Aside from memory loss and cognitive impairments, often the most difficult aspect of caring for people with dementia is treating their disruptive changes in behavior.
With no reliable medications to treat them and limited information for caregivers regarding alternative therapies, these behavior changes are frequently the source of increased upset, stress and burden to families and often result in nursing home placement.
Now, with the help of a $1.7 million grant from the National Institutes of Health (National Institute of Nursing Research), researchers from the University of Michigan and Johns Hopkins University will work to address these difficulties by designing an easy-to-use, web-based tool that helps caregivers track, understand and treat the behavioral symptoms of dementia.
Laura N. Gitlin, PhD, director of the Center for Innovative Care in Aging at the Johns Hopkins University School of Nursing (JHUSON), and her collaborator Helen C. Kales, MD, associate professor of psychiatry at the University of Michigan Medical School and researcher at the VA Ann Arbor Healthcare System, will develop WeCare during the next three and half years, as part of a study called “An Innovative Caregiver Tool to Assess and Manage Behavioral Symptoms of Dementia.”
“The goal is to make WeCare an easy-to-use resource for family caregivers that helps them better understand dementia and its contributing factors, and provides tailored strategies for in-home, non-pharmacologic behavior management,” Kales says.
“WeCare has potential to improve caregiver skills and the care of individuals with dementia who currently do not receive optimal behavioral management,” Gitlin adds.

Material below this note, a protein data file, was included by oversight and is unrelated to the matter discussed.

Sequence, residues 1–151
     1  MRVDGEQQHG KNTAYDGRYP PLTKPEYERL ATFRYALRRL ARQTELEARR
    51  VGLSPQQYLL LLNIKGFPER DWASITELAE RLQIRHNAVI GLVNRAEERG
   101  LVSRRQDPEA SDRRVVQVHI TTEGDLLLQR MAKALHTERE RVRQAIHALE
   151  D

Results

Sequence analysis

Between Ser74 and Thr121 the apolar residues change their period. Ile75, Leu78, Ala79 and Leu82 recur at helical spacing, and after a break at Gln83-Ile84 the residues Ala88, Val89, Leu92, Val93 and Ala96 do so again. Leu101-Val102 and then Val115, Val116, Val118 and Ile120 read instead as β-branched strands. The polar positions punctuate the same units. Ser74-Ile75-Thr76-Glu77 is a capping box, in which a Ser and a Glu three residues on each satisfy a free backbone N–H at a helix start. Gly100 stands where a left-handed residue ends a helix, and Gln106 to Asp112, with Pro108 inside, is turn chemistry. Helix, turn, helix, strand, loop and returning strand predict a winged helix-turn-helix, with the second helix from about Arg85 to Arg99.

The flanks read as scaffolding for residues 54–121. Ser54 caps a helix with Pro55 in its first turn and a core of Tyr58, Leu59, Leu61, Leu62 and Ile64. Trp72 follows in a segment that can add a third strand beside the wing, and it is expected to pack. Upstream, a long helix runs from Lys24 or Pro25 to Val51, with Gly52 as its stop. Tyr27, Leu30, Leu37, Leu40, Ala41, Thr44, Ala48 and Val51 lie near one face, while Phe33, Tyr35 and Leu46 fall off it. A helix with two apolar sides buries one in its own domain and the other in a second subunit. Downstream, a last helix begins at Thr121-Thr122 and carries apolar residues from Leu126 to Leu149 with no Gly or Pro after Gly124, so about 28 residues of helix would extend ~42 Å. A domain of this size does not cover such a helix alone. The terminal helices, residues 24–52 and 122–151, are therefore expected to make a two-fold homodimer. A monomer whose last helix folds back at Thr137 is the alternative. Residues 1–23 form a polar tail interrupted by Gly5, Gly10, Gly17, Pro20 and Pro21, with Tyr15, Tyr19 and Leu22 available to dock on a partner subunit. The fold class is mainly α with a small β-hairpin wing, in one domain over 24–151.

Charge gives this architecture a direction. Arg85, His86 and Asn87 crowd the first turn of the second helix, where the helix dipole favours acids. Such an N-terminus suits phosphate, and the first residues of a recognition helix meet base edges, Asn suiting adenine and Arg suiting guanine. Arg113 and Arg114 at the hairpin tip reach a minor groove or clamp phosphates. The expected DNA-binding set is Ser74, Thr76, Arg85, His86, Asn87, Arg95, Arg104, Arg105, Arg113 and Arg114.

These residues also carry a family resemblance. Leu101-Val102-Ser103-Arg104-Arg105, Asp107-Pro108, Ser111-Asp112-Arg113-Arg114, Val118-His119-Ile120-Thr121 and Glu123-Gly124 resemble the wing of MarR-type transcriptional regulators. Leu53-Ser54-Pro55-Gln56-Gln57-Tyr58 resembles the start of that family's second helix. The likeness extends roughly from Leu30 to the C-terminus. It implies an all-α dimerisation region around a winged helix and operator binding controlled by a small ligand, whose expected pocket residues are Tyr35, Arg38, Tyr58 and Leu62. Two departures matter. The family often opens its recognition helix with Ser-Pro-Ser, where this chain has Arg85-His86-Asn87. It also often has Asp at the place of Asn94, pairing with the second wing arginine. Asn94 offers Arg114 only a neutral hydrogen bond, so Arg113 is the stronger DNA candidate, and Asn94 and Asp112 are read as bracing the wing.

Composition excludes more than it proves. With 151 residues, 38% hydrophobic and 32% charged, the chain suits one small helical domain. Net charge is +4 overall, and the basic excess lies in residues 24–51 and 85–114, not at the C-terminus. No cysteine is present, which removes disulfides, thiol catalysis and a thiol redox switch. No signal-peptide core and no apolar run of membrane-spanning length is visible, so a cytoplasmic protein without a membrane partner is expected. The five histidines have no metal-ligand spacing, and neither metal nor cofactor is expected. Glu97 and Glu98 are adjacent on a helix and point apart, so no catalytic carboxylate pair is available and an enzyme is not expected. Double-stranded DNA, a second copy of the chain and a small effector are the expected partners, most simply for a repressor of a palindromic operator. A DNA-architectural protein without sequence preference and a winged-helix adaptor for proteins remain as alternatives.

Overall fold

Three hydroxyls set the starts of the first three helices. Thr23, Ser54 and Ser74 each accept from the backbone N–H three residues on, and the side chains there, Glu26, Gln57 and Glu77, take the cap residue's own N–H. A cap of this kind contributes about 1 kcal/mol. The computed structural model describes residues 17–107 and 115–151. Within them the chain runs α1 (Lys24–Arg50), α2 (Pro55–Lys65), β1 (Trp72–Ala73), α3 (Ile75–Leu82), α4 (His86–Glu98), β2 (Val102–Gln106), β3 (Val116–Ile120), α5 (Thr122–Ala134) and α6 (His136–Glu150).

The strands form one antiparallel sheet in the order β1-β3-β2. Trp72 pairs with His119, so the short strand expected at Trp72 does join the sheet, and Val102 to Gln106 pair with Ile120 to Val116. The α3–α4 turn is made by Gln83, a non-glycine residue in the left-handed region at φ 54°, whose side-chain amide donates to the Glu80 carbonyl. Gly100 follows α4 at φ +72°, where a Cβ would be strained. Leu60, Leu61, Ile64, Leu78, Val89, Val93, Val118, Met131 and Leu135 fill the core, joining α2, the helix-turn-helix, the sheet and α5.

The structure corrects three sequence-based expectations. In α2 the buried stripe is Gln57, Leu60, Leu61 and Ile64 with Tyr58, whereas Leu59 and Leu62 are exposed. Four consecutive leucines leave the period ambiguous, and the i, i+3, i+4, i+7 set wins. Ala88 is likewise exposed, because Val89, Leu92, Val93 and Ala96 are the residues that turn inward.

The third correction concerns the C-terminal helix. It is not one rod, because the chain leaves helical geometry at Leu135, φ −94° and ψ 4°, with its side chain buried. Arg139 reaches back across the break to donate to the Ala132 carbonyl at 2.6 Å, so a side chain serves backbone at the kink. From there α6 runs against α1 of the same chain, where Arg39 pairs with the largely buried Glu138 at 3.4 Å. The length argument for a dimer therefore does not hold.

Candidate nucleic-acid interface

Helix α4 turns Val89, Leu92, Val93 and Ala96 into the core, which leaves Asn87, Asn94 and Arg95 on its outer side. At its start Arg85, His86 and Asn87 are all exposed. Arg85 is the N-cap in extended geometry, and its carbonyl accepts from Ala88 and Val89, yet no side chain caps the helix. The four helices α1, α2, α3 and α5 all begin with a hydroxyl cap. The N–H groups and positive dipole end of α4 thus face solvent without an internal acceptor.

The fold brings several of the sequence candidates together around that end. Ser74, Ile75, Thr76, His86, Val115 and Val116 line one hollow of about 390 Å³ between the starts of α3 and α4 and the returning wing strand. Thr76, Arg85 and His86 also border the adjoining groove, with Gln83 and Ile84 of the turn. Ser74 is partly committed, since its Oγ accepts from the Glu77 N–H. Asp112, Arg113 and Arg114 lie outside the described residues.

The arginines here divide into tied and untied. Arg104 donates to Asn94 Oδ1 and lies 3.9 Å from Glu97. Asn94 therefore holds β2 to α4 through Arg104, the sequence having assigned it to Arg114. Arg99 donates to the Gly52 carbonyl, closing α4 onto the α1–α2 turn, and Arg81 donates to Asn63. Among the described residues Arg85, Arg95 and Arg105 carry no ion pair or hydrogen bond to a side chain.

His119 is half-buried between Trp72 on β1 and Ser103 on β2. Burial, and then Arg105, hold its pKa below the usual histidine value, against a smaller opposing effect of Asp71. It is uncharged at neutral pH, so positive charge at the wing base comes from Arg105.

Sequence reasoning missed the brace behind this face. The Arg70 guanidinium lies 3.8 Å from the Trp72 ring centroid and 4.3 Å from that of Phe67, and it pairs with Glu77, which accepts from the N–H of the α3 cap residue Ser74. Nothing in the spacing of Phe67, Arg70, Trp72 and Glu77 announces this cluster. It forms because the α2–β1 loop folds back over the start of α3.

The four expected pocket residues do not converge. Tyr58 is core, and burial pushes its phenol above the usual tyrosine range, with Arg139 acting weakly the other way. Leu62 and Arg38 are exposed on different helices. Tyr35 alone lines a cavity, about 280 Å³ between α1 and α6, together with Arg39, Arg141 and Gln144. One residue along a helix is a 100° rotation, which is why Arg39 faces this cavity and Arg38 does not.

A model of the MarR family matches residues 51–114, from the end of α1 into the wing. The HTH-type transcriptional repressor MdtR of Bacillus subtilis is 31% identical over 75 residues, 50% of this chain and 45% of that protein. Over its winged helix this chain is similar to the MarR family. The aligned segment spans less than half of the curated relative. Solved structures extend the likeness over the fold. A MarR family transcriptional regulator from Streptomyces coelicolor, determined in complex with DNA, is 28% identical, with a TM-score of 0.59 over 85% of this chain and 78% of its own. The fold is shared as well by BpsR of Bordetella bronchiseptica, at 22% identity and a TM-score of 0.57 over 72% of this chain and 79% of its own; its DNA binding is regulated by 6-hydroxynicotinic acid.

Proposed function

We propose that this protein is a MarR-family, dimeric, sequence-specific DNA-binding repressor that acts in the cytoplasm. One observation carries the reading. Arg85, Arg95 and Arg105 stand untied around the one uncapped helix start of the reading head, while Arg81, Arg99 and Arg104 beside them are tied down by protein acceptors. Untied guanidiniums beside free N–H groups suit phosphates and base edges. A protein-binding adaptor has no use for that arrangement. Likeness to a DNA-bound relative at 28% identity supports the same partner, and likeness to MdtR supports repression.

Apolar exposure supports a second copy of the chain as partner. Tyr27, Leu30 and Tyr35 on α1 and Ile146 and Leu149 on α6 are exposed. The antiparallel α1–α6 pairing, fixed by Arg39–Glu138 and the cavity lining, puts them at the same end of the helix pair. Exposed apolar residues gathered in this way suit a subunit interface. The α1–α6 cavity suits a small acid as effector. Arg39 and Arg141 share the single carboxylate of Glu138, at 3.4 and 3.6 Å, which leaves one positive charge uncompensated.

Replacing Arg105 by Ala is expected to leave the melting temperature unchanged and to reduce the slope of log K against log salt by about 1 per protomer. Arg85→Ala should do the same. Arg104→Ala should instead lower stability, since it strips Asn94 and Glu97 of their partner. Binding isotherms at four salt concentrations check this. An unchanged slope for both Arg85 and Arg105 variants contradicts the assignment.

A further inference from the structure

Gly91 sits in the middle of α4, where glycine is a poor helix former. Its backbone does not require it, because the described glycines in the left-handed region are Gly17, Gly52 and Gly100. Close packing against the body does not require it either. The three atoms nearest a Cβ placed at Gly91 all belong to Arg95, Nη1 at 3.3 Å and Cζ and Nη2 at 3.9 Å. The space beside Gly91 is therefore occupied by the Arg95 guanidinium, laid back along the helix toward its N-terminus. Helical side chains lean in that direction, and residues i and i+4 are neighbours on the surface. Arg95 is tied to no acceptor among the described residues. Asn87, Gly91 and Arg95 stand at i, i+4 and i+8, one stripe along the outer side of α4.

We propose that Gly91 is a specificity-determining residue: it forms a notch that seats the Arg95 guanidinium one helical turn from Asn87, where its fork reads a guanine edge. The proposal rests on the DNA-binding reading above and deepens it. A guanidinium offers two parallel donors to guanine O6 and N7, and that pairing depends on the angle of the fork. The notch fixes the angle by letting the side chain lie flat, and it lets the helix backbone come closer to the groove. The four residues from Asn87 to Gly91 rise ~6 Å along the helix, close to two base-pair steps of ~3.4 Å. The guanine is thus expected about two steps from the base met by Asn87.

Constantine Lyketsos, MD, chair of psychiatry and a geropsychiatrist at Johns Hopkins Bayview Medical Center, calls WeCare “an innovative tool to help families managing behavioral symptoms, one of the challenging aspects of care that is often not addressed in a physician’s office. The WeCare tool may help reduce caregiver stress and enhance quality of life of the person with dementia. More confident caregivers and more comfortable patients with dementia should mean improved care.” Quincy Miles Samus, PhD, of Hopkins’ Department of Psychiatry and Behavioral Sciences, also collaborated on the project.
Kales says the project is innovative in its involvement of key dementia stakeholders in the tool development process, use of state-of-the science technology, and a tailored, algorithmic approach to detecting and monitoring behaviors and selecting non-pharmacologic solutions.
Co-investigators from the University of Michigan: Lawrence An, Laura Struble, Daphne Watkins, Myra Kima.
Additional information: www.programforpositiveaging.org